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Maintaining healthy cholesterol levels is important, as it’s a primary risk factor for heart disease, the leading cause of death in the U.S.
Cholesterol levels are made up by what’s called a lipid profile, which consists of four main parts:
- Total cholesterol: all the cholesterol in your blood
- Low-density protein (LDL): “bad” cholesterol that leads to plaque buildup or blood clots in the artery wall
- High-density protein (HDL): “good” cholesterol that helps remove bad cholesterol from your blood
- Triglycerides: a kind of fat that develops in the body due to excess calories
While it’s important to have all cholesterol levels at a healthy mark, maintaining an appropriate HDL is the most critical. Genetics and lifestyle factors are the main triggers for high cholesterol. Because genetics can’t be controlled, ensuring your lifestyle is cholesterol-friendly is critical for avoiding high cholesterol.
Lifestyle Tips to Manage High Cholesterol
While medication is necessary in some cases, lifestyle modifications should be the cornerstone of any cholesterol management strategy. Below are three key lifestyle modifications to keep your cholesterol levels in check.
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Avoid Saturated and Trans Fats
If you consume a diet that’s high in saturated fat or trans fat, you increase your risk of developing high cholesterol. Saturated fat is found mostly in animal products, such as meat, butter, and cheese. Trans fat is found in processed, fried, and baked goods.
We recommend consuming saturated fat at a rate of less than seven percent of your total caloric intake. Patients who have followed this guideline have seen their LDL levels go down by eight to 10 percent. The Food and Drug Administration, thankfully, banned trans fats from U.S. restaurants and grocery stores in 2018.
Exercising is an effective way to lower your LDL levels, boost your HDL levels, and lose weight. We suggest doing exercises that you enjoy, such as walking, jogging, or lifting weights, for at least 30 minutes a day, four to five days a week. Studies show that when your body mass index (BMI) is above 30, it raises blood cholesterol and triglyceride levels, and lowers HDL levels. To further increase your chances of losing weight, and lowering your BMI, make sure you are burning more calories than you are consuming.
Smoking affects your blood vessel walls and lowers your HDL levels, which increases your risk of heart disease, as it can lead to plaque buildup in your arteries and the narrowing of blood vessels. And worse yet, the plaques can rupture and cause acute heart attacks. If you quit smoking, you can reduce your heart disease risk by half within a year. If you smoke and need help quitting, make sure to speak to your doctor about smoking cessation programs in your area.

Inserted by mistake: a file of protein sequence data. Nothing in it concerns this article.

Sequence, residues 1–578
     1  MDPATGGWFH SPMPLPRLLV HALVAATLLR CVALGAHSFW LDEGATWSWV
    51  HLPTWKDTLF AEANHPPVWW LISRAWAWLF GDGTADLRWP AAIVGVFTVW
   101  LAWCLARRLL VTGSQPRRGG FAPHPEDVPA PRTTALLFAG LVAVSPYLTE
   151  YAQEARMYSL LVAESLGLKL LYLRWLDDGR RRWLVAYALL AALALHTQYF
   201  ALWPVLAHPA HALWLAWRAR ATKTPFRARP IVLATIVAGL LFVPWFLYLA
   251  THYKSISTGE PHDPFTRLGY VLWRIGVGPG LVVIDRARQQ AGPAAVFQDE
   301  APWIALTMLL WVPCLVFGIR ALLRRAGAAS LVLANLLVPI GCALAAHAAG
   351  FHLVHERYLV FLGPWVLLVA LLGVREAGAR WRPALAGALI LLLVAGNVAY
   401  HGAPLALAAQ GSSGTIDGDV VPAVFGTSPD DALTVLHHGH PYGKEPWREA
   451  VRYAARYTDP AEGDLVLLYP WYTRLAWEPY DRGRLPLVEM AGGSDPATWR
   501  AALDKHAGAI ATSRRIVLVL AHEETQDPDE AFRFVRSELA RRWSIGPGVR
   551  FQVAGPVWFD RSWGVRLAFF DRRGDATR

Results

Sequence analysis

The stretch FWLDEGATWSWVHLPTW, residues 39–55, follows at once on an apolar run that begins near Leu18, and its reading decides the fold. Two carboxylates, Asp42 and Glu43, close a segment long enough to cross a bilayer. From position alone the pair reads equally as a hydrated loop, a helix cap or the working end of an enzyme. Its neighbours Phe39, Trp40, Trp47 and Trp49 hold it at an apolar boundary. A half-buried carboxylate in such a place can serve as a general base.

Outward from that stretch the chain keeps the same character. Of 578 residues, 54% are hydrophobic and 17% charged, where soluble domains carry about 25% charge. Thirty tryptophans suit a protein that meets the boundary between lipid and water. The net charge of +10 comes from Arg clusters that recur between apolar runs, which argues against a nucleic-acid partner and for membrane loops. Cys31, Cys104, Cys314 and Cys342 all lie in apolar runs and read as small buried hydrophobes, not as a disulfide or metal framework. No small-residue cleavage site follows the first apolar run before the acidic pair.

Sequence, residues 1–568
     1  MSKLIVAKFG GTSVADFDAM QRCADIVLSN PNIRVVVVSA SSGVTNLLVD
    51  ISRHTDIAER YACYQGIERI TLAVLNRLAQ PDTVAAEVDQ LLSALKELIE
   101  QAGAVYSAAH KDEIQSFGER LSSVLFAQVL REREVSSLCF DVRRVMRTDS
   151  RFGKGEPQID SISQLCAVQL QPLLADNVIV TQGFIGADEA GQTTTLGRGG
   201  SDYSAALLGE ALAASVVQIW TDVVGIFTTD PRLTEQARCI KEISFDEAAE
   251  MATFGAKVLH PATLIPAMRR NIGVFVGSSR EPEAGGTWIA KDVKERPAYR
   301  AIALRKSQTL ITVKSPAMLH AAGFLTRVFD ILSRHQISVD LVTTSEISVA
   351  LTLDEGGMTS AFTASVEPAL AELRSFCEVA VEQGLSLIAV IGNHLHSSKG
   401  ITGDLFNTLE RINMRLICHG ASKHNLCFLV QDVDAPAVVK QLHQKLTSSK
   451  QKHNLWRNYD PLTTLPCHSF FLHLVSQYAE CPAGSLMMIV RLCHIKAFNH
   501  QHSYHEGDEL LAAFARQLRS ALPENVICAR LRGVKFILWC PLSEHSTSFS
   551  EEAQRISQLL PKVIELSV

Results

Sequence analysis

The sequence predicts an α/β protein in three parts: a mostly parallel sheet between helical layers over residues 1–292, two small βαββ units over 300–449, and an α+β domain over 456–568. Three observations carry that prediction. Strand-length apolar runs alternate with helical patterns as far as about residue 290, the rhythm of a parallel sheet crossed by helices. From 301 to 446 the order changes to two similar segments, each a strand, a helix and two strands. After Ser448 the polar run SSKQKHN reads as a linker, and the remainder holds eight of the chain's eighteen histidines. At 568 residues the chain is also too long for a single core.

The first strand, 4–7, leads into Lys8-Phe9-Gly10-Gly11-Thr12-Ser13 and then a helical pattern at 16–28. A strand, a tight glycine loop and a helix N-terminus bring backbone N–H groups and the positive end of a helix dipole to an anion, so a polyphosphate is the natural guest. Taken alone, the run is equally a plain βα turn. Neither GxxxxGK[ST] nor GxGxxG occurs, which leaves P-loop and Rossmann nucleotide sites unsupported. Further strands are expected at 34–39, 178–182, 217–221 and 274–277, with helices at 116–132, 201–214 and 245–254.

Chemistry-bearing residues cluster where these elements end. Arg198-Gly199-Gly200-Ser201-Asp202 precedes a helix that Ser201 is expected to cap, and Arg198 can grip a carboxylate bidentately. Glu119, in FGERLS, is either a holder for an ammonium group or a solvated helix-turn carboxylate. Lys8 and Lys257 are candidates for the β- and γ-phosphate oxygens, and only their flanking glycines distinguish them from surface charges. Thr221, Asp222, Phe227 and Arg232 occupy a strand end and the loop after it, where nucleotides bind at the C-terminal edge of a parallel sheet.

Medication for High Cholesterol
Sometimes diet and exercise aren’t enough, and medication is necessary to bring your cholesterol levels down. Statin medications are a good way to lower LDL levels—the most potent statins have lowered LDL levels by up to 50 percent—and block the way LDL is produced and recycled within the body.
We also have newer blockbuster drugs such as Repatha®, which is injectable medication. However, we typically reserve medications like Repatha® for high-risk patients or people who can’t tolerate statins. Bile acid resins and fibrates are other effective medications that block the way your body absorbs cholesterol when you eat.
How Often Should I Get My Cholesterol Checked?
People 18 and older with average high cholesterol risk should get their cholesterol levels checked at least once every five years. Individuals who have or had high blood pressure typically see us much more frequently. Make sure to speak to your doctor to set up recurring checkups if you’ve previously experienced high cholesterol levels.
Where Can I Find More Information about High Cholesterol Risk Factors and Treatment Options?
Watch our live interview with Dr. Kerunne Ketlogetswe, a cardiologist at MedStar Heart & Vascular Institute.
Maintaining good cholesterol levels is an important way to keep your heart healthy. Make sure to consider these lifestyle modifications—and medications, if needed—to do so.